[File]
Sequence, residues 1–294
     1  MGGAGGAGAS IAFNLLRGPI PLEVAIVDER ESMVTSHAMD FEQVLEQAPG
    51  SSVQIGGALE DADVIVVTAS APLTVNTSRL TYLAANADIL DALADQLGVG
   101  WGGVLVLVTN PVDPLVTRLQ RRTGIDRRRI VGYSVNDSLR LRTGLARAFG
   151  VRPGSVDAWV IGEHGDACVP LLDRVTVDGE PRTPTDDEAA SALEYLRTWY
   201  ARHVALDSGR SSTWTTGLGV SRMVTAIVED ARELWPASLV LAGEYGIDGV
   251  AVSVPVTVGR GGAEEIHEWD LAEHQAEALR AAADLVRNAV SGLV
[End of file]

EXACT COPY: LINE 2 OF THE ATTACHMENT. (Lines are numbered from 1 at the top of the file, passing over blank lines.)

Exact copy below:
     1  MGGAGGAGAS IAFNLLRGPI PLEVAIVDER ESMVTSHAMD FEQVLEQAPG